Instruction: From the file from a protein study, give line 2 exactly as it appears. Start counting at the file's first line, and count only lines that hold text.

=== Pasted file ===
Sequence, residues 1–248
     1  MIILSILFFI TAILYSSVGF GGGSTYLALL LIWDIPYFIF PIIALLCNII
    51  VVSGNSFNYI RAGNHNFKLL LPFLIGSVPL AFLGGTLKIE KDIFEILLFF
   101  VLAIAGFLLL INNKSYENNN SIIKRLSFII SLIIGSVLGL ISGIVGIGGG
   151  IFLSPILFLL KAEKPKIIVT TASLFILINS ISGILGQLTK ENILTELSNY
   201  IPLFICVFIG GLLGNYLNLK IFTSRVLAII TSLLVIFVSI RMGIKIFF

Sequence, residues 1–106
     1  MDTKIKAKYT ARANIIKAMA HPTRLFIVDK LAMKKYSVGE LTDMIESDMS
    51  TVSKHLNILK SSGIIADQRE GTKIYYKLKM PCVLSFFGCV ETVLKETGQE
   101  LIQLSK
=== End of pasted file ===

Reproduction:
     1  MIILSILFFI TAILYSSVGF GGGSTYLALL LIWDIPYFIF PIIALLCNII